Things to Consider
- South Georgia is a 2 day sail from its nearest neighbour, The Falkland Islands
- The most common way to reach South Georgia is by small expedition ship (approx. 100 passengers) on a classic voyage which includes The Falklands and Antarctica
- Traditionally these voyages set sail from Ushuaia, Argentina calling in at The Falklands en route, however an increasing number now begin by flying to The Falklands and embarking there
- Flights to The Falklands from Punta Arenas, Chile are limited to a once weekly scheduled service. There is also a direct flight from RAF Brize Norton, UK
- For those with the time and sea legs, South Georgia can also be reached by sailing yacht. Charters are available out of The Falklands
Cruising from Ushuaia, Argentina
Departing from the Argentine port of Ushuaia by ship and incorporating visits to The Falklands and Antarctica, this is the traditional way for visitors to visit the island. This great arching loop cherry picks the highlights of the Southern Ocean and has to be one of the world’s great sea journeys. It remains a ‘classic’ and as popular as ever.
Voyages vary in length between 17 - 23 days, depending on the time spent in each destination, and operate late October - end March. A wide choice of ships both in style and capacity (50 - 200 guests) is on offer. Select departures also include the rarely visited South Sandwich Islands.
Flying via The Falklands
The airport at Mount Pleasant on The Falklands is the nearest to the island. While it's over 800 miles away, an increasing number of voyages are starting from there as it saves 36 hours at sea from Ushuaia.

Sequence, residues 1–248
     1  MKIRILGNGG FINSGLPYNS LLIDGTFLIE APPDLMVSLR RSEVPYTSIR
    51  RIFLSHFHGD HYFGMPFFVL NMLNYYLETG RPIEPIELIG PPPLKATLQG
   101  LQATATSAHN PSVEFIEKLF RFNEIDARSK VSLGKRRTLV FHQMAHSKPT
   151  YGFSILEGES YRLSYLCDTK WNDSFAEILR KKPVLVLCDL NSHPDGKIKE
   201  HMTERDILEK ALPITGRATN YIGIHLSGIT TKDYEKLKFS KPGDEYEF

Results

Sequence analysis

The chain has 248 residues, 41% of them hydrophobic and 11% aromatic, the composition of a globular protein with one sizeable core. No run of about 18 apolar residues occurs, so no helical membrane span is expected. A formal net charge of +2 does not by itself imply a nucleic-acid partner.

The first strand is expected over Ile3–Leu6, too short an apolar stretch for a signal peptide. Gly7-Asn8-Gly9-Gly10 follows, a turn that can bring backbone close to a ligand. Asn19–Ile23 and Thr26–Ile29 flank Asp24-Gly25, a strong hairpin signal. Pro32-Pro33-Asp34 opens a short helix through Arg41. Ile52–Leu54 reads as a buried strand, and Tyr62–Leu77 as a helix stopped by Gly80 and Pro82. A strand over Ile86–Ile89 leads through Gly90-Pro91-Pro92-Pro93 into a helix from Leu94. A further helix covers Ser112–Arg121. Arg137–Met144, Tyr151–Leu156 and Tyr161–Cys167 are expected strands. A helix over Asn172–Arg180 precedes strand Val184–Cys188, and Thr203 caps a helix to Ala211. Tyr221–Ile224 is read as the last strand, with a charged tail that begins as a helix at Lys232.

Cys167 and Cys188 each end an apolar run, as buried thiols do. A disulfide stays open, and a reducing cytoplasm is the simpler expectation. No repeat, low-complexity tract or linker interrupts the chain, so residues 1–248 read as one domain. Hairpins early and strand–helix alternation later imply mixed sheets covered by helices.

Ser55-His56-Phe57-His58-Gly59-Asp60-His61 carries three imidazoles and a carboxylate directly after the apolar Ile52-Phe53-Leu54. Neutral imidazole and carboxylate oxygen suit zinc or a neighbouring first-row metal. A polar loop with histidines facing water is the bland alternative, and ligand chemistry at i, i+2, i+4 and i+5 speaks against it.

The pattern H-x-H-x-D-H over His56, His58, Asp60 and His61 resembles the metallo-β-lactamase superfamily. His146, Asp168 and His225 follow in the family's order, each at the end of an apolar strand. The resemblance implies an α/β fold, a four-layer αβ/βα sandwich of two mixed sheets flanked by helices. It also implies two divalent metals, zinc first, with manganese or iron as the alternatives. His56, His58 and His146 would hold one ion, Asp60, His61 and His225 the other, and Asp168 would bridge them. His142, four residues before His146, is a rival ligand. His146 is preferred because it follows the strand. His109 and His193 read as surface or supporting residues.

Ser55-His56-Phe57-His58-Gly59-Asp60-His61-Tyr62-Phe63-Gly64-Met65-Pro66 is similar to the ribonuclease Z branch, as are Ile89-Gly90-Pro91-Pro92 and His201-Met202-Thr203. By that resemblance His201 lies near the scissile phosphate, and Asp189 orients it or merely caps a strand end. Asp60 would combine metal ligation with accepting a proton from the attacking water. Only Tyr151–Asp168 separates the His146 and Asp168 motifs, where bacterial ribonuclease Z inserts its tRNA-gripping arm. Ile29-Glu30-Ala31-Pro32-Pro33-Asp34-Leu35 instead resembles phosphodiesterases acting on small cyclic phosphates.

The once weekly scheduled Punta Arenas/ Falklands flight on Saturdays operated by LatAm which takes 1 hour 35 minutes is the only regular air access. On arrival in The Falklands, if you’re booked on a voyage you will be transferred to your waiting ship and set sail for South Georgia.
If your main focus is maximising time on South Georgia with less interest on The Falklands and Antarctica there’s a small number of voyages each season which only visit South Georgia, spending +7 days exploring the island. These specialist trips are particularly well suited to wildlife and photography enthusiasts.
Sailing to South Georgia
It's 750 nautical miles to get from The Falklands to South Georgia, a crossing under sail of approx. 5 days. This is expedition sailing in its truest sense - taking on the Southern Ocean. A round trip Stanley - Stanley typically takes approx. 21 - 28 days, depending on the usual variables of sailing in this region. October through to May is the preferred season.
Skippered yachts are available for charter from The Falklands. Alternatively yachts offer set date departures and can simply be booked by the berth.
There is something truly special in this modern age about only being able to reach a place by boat. The two days at sea to reach South Georgia are the ideal prelude to all you will experience once there.